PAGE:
Court sentences 2 Oath Keepers leaders on seditious conspiracy, other charges related to US Capitol breach
Elmer Stewart Rhodes III, 58, of Granbury, Texas, the founder and leader of the Oath Keepers, and Kelly Meggs, 54, of Dunnellon, Fla., the leader of the Florida chapter of the organization, were sentenced Thursday for seditious conspiracy and other charges related to the breach of the U.S. Capitol on Jan. 6, 2021. Their actions disrupted a joint session of the U.S. Congress that was in the process of ascertaining and counting the electoral votes related to the presidential election.
Rhodes was sentenced to 18 years in prison, followed by three years of supervised release. His is the longest sentence, to date, related to the assault on law enforcement and the U.S. Capitol Building.
Meggs was sentenced to 12 years in prison, followed by three years of supervised release.
“Today’s sentences reflect the grave threat the actions of these defendants posed to our democratic institutions,” said Attorney General Merrick B. Garland. “The United States proved at trial that the Oath Keepers plotted for months to violently disrupt the peaceful transfer of power from one administration to the next. The Justice Department will continue to do everything in our power to hold accountable those criminally responsible for the January 6th attack on our democracy.”
“Today’s sentencings reflect the FBI’s commitment to do our part to hold accountable individuals who committed criminal acts on January 6, 2021, as well as those who plotted to interfere with the lawful transfer of power,” said FBI Director Christopher Wray. “We will continue to work with our partners to bring to justice those who violated our laws in connection with the siege on the U.S. Capitol.”
“There have been few instances in our nation’s history when our fellow citizens have engaged in a seditious conspiracy — a conspiracy to use force to oppose the functioning of our government,” said U.S. Attorney Matthew M. Graves for the District of Columbia. “More people were convicted of seditious conspiracy in connection with the siege of the Capitol on January 6, 2021, than any other criminal event since the statute was enacted during the Civil War. Today’s sentencing affirms the rule of law and imposes substantial consequences on Stewart Rhodes and Kelly Meggs who, together, conspired to violently attack our government and our democracy.”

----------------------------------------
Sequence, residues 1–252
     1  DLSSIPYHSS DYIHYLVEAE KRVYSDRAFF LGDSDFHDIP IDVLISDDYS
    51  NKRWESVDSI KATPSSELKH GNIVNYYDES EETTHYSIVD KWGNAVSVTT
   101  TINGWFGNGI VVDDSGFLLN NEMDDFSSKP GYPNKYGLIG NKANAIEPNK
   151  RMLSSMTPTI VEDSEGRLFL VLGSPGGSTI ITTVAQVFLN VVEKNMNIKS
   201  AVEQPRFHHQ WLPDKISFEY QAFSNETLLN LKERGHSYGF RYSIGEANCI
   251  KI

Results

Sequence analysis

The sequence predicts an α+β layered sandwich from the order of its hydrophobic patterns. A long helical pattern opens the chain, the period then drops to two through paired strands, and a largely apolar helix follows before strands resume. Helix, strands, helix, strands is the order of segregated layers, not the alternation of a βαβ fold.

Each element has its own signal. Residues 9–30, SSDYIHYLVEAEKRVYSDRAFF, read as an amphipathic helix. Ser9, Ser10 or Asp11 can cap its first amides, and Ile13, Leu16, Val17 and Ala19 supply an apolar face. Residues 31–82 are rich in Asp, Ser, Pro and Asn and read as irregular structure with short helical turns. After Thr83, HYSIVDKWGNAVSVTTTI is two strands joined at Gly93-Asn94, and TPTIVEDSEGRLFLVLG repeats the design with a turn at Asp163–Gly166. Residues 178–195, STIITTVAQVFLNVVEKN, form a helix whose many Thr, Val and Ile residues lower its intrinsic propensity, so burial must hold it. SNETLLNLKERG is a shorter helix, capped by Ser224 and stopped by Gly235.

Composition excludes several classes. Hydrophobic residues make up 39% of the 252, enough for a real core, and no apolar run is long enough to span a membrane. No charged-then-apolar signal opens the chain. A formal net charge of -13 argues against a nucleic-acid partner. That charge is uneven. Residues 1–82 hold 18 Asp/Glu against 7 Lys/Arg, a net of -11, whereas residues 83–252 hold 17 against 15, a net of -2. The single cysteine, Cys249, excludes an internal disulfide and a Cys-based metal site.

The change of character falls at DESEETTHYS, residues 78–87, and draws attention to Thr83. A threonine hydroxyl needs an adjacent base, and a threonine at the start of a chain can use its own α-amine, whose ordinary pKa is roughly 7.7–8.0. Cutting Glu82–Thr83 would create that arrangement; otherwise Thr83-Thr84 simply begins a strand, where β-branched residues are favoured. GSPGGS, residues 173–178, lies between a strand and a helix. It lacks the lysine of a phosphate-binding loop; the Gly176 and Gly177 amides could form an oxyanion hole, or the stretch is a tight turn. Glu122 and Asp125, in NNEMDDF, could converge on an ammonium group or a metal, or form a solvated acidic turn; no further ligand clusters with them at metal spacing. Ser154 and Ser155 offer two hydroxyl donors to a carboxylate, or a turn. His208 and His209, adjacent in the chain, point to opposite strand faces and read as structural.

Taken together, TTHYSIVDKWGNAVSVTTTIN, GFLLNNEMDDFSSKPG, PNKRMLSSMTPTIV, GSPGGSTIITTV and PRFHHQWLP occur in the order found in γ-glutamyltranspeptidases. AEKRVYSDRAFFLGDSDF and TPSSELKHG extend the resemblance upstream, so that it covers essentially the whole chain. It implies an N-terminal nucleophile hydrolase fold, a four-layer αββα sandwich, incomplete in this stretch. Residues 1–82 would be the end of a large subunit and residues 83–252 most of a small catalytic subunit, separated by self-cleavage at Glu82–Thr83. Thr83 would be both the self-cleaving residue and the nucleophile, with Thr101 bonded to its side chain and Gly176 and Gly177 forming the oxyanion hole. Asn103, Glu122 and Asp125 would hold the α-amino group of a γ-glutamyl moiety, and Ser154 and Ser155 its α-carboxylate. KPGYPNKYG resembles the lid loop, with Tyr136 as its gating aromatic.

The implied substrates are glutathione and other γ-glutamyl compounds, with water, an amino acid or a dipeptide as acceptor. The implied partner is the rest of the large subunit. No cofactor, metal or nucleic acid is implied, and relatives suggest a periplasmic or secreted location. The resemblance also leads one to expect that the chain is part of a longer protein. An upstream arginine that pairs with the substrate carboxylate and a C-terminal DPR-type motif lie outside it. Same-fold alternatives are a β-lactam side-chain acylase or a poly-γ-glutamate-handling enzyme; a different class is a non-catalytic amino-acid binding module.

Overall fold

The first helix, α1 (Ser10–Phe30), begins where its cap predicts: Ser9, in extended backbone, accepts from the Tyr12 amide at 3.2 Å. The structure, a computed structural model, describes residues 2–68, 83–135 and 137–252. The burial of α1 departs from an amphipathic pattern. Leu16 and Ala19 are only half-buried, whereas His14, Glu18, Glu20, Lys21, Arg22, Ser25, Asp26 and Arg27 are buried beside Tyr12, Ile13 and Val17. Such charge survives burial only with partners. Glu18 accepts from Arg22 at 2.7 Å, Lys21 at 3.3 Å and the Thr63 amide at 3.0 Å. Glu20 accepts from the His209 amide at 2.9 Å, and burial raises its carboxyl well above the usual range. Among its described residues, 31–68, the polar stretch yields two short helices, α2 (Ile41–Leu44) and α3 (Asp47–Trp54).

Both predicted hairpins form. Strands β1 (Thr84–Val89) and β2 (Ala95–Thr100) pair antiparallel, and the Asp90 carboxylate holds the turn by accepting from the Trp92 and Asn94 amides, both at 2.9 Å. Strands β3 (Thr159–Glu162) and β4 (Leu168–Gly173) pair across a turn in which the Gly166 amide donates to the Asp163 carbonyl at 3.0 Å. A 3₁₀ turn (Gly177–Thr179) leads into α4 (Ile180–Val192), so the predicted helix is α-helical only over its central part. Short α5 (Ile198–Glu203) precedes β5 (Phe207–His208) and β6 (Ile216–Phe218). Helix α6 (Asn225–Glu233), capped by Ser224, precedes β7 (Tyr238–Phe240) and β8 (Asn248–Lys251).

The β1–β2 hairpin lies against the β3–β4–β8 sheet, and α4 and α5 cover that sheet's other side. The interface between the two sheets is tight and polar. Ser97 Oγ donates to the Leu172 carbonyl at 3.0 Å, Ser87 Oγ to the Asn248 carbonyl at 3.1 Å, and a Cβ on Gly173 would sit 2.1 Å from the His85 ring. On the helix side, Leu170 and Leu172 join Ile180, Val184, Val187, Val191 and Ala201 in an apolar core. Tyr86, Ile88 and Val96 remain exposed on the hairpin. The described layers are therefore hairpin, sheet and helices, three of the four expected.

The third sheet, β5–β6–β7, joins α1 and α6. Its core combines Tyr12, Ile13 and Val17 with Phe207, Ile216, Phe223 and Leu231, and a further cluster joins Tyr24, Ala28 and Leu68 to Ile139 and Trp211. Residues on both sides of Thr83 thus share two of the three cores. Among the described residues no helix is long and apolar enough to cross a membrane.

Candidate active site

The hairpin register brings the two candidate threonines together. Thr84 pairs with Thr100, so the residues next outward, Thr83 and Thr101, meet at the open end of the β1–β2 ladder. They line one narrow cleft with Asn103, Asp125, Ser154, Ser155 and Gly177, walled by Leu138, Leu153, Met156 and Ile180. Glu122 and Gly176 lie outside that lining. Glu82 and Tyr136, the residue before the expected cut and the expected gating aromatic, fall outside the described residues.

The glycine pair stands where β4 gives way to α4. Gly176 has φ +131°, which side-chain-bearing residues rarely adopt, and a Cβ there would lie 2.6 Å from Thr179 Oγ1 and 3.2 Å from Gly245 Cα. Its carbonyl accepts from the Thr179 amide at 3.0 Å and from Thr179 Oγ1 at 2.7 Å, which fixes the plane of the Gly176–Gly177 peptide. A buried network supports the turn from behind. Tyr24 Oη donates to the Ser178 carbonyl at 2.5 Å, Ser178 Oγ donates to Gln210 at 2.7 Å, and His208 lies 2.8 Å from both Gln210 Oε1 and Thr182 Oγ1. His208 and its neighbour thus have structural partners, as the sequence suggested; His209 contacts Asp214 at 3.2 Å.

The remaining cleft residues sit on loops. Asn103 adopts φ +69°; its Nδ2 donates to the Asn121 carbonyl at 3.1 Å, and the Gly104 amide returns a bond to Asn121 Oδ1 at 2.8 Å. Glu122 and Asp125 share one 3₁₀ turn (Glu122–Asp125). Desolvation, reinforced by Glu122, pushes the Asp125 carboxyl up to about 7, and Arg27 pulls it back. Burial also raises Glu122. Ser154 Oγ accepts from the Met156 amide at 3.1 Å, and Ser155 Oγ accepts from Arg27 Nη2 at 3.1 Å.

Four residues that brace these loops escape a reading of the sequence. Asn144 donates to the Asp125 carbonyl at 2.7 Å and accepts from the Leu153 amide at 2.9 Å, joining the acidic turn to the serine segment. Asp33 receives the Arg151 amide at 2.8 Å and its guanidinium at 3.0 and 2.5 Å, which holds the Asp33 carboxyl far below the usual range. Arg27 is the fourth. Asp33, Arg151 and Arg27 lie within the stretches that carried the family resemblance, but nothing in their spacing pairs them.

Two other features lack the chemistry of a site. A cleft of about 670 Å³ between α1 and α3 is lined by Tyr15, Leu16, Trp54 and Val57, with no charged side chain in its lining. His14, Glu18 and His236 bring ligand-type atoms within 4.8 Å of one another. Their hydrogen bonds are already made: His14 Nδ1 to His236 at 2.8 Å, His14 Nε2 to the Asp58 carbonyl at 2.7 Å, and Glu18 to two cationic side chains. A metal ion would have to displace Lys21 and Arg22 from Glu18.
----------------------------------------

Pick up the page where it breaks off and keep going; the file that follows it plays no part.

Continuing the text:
Rhodes and Meggs were found guilty on Nov. 29, 2022, following an eight-week trial and three days of deliberations. In addition to the seditious conspiracy charge, Rhodes was convicted of obstruction of an official proceeding and tampering with documents and proceedings. Meggs was also found guilty of conspiracy to obstruct an official proceeding, obstruction of an official proceeding, conspiracy to prevent an officer from discharging duties and tampering with documents or proceedings.
According to the government’s evidence, the Oath Keepers are a large but loosely organized collection of individuals, some of whom are associated with militias. Following the Nov. 3, 2020, presidential election, Rhodes, Meggs and others began plotting to oppose, by force, the lawful transfer of presidential power.
Beginning in late December 2020, via encrypted and private communications applications, Rhodes, Meggs and others coordinated and planned to travel to Washington, D.C., on or around Jan. 6, 2021, the date of the certification of the electoral college vote.